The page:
Most companies today will tell you they’ve fully incorporated accessibility requirements and diversity, equity and inclusion (DEI) initiatives into their hiring process, however, data indicates that organizations are falling short.
In 2022, the human resources and payroll company Remote surveyed 1,250 people and found that 56% of US respondents said they had experienced discrimination during the hiring process. For people with disabilities, discrimination may come inadvertently in the lack of a reasonable accommodation or inadequate access to hiring materials.
We believe most companies act in good faith and want to create a hiring and onboarding process that’s fair and inclusive. To accomplish this, we recommend opting for a holistic approach that weaves inclusivity and accessibility into every stage of hiring and onboarding. These three tips will help you develop that approach and seamlessly integrate accessibility into your HR processes. Let’s dive in.
1. Assess your hiring user experience
The first interaction an applicant has with your company is typically your website’s career page. If the applicant finds the page frustrating, hard to navigate or completely inaccessible, it reflects poorly on your company. Determine whether your site meets accessibility standards, including the applicant’s path through your careers page and online application process, by conducting an accessibility audit.
Next, review other steps the candidate may take through the hiring and onboarding process, from scheduling meetings and video interviews to submitting personal information and paperwork once hired.
For example, your hiring process requires a timed written test. Under the ADA, employers should make accommodations for those who need it and let applicants know it’s available. Any accommodations should be made available quickly, avoiding the chance they might be passed over while waiting for what they need.
Ideally, your company will test the website and the steps of the hiring process using testers that have various disabilities, either your own employees or using a third-party assessment to conduct the usability of the website or applications. This would include making sure the content on your web page can be read aloud correctly by screen reader software, that application links and forms are accessible, and that onboarding materials, like employee handbooks and PowerPoint presentations, are also accessible.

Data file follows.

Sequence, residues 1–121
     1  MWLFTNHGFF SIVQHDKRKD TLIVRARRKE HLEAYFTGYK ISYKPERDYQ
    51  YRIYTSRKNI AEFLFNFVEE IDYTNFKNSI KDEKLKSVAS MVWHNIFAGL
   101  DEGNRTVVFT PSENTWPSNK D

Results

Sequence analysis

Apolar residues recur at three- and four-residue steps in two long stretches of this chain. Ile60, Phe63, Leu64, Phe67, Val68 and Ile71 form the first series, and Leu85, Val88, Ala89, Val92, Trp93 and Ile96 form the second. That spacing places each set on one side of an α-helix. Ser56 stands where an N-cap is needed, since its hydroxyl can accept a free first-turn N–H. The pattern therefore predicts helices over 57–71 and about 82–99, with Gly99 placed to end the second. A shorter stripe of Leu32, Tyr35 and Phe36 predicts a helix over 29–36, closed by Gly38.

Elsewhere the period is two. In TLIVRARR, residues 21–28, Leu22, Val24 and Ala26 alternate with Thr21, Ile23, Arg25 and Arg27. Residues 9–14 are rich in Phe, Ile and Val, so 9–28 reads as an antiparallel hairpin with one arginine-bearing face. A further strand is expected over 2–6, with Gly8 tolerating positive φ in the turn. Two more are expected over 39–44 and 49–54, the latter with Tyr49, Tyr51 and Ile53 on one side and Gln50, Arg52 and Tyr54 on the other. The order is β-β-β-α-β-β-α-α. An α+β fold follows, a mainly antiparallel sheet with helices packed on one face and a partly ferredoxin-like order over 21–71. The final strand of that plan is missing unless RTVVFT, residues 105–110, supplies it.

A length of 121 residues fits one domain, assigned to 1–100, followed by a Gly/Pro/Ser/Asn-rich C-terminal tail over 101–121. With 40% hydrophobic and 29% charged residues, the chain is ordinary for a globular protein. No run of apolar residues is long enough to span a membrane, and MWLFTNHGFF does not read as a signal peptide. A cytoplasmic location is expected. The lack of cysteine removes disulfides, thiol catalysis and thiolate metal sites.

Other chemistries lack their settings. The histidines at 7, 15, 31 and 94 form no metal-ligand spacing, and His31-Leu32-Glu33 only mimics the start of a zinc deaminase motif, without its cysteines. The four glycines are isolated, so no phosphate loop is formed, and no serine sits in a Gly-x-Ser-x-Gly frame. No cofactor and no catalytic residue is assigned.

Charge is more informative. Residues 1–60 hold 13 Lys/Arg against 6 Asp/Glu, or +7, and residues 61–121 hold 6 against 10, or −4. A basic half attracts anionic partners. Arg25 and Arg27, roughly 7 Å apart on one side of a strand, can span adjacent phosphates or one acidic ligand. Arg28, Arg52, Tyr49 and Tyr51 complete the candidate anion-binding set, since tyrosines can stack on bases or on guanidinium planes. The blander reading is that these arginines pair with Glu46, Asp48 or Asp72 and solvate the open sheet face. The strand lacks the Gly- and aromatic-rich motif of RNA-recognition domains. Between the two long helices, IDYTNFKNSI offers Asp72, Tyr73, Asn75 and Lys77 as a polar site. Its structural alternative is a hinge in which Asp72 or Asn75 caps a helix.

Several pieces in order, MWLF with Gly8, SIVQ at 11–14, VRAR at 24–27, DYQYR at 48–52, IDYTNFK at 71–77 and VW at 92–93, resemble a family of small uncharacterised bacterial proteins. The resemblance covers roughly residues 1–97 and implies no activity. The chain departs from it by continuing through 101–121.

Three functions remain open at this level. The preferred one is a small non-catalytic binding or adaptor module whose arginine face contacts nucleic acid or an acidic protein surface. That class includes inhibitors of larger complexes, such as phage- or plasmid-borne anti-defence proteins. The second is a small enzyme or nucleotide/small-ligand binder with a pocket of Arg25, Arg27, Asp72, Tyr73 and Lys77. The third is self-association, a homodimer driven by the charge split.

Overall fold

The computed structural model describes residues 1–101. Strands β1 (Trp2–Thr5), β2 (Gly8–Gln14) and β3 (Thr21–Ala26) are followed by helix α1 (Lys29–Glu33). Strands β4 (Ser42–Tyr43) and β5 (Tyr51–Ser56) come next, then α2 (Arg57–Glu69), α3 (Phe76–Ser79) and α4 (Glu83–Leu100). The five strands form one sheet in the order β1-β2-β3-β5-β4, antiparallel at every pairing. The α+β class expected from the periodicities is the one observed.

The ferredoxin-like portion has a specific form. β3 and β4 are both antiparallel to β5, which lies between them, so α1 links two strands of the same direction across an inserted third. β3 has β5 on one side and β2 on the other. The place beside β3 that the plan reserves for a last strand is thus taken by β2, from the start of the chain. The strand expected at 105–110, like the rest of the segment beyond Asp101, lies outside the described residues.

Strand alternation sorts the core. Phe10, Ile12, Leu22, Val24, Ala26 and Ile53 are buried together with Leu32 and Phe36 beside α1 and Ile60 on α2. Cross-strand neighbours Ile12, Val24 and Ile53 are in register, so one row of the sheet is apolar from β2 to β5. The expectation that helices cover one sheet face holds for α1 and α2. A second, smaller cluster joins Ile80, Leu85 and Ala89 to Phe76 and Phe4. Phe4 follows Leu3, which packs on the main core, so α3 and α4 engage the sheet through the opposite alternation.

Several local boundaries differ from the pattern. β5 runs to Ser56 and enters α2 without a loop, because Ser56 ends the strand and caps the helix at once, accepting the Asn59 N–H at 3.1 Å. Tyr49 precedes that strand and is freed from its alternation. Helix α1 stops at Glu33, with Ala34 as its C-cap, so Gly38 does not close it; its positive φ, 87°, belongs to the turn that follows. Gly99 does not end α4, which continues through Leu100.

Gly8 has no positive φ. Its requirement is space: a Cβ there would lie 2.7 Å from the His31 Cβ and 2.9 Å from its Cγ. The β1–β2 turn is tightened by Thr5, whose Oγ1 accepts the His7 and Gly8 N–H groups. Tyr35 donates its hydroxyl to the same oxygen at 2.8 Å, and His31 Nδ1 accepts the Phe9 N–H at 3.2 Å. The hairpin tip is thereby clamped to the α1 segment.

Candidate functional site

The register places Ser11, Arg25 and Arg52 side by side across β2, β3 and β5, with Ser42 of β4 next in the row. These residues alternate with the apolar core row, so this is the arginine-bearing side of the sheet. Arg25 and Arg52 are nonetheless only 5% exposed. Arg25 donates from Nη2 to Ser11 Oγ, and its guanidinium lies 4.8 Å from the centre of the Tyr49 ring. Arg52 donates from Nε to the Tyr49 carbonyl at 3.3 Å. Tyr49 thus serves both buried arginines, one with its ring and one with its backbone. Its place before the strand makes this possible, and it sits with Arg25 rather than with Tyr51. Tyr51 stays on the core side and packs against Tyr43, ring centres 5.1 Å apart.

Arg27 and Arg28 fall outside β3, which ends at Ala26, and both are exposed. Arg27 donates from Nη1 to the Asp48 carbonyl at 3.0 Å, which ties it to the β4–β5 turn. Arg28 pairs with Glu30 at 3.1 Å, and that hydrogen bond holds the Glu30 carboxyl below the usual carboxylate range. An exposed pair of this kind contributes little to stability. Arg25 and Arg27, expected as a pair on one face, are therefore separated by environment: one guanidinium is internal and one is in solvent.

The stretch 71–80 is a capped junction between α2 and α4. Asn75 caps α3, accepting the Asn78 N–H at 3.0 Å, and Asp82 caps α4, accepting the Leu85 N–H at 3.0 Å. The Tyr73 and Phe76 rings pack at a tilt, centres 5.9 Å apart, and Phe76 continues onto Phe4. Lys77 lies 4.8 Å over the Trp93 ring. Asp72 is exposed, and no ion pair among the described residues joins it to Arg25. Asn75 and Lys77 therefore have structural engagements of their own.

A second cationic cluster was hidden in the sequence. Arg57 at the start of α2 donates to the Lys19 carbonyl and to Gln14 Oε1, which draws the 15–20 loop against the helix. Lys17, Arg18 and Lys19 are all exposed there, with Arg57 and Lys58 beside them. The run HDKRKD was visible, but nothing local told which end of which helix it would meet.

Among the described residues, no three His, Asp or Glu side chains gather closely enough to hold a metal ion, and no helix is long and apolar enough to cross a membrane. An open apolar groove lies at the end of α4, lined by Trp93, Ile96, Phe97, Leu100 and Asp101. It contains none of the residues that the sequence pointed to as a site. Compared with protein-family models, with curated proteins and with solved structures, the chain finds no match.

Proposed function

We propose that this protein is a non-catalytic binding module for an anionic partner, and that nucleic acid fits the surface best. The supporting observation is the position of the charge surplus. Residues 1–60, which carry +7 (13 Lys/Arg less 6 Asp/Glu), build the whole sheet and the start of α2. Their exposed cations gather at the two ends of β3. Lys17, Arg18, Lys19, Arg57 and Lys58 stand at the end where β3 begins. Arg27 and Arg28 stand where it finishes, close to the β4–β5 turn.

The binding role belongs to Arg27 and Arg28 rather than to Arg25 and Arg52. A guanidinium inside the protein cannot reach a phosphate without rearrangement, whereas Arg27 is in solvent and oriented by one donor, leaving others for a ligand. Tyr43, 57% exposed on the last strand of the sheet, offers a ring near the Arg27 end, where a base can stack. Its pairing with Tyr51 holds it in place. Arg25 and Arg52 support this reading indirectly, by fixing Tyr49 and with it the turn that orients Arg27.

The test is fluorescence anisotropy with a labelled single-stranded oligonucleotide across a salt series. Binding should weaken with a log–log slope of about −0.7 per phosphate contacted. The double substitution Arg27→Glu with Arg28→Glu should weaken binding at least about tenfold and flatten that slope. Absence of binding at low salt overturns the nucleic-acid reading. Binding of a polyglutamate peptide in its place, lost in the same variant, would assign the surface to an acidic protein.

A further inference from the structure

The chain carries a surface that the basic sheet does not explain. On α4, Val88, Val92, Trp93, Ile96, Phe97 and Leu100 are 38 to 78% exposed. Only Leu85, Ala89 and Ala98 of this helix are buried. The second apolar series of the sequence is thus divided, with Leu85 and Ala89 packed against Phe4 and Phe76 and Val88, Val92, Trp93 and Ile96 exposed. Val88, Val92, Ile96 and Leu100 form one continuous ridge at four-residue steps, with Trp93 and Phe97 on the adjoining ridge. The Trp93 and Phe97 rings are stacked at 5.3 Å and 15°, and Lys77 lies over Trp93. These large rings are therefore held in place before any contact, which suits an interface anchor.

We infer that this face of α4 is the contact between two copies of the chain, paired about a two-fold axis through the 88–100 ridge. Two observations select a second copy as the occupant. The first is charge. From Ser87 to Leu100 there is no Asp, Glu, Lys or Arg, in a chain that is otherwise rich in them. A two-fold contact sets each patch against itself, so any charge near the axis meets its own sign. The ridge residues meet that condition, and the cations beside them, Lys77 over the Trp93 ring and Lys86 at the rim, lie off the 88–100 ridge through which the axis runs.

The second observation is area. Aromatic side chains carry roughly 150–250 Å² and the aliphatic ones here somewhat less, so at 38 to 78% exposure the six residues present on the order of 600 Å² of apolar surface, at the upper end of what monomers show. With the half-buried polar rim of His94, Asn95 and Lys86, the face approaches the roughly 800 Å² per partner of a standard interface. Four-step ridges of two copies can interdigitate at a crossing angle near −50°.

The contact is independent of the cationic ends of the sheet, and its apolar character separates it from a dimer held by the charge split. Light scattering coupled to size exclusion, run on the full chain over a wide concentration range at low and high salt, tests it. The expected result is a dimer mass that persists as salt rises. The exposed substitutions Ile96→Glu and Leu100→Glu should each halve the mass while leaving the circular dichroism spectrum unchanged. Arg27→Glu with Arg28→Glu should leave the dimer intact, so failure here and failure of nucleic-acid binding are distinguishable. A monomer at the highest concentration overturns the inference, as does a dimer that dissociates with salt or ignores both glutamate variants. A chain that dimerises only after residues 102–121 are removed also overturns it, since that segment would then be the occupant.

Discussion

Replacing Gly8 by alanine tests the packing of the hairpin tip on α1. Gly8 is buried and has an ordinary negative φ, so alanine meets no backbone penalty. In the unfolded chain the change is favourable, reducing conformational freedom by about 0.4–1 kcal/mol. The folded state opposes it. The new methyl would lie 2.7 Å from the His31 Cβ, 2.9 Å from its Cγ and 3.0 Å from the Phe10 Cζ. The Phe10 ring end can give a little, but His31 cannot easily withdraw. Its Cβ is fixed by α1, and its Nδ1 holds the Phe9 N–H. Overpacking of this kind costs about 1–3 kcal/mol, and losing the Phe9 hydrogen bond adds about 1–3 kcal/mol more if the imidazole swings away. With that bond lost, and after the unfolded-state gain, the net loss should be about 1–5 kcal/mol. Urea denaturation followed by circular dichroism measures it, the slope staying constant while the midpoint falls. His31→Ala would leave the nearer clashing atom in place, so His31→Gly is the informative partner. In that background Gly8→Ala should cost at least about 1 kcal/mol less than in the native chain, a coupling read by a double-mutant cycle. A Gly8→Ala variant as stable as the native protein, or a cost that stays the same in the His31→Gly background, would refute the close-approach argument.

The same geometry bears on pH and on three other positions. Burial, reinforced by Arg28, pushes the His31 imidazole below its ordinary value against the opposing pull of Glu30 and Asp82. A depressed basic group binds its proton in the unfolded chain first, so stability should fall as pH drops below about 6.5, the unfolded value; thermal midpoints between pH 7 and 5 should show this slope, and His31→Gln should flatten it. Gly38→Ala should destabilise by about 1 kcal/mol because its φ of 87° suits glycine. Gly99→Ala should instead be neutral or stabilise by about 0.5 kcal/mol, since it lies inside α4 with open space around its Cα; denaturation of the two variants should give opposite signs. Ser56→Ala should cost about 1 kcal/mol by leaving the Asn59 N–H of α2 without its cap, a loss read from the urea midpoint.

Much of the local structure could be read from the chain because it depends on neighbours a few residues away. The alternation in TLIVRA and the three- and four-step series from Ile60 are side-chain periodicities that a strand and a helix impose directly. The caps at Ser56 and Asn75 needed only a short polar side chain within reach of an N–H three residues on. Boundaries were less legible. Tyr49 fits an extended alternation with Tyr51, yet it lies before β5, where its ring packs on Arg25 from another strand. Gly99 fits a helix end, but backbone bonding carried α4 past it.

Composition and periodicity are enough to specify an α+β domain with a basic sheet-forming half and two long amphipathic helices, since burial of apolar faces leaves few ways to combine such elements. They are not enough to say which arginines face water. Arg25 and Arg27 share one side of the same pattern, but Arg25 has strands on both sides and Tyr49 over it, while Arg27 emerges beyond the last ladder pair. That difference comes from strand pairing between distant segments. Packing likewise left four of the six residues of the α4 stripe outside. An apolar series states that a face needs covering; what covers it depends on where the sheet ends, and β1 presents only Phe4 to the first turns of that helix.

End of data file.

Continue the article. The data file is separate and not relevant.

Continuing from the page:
2. Fine tune job descriptions
Companies are becoming more aware of how language can discourage people with disabilities from applying for jobs, yet some of these terms have been so common in job applications for so long, they might go unnoticed or be overlooked during reviews.
For example, when your job description says, “must be able to lift 50 pounds,” it could result in people with physical disabilities not applying. Instead use, “moves equipment weighing up to 50 pounds.” Consider alternatives to language like “walk,” “stand,” “talks to,” or “visually inspect,” to include people who have physical disabilities.
In addition, it’s always helpful to reiterate your commitment to creating an inclusive workplace in a job description and that reasonable accommodations are available upon request.
3. Be open to feedback
New accessibility barriers are going to come up, even after updates and changes. Companies should create a mechanism that allows users to report any accessibility issues they encounter, such as a “report an accessibility issue” email link or form.
If people can report directly to your company and the people (or at least department) tasked with fixing the issues, you’ll be able to address accessibility issues faster for a better overall user experience.
4. Accessibility is an Iterative Process
Improving accessibility is an ongoing process that requires continued monitoring and evaluation. Embracing this state of change is a big step toward maturing your company’s accessibility program and will help your company create a more inclusive culture, and result in a better applicant and employee experience overall.
Looking for more information about improving accessibility at your company? Learn about the three B’s of accessibility.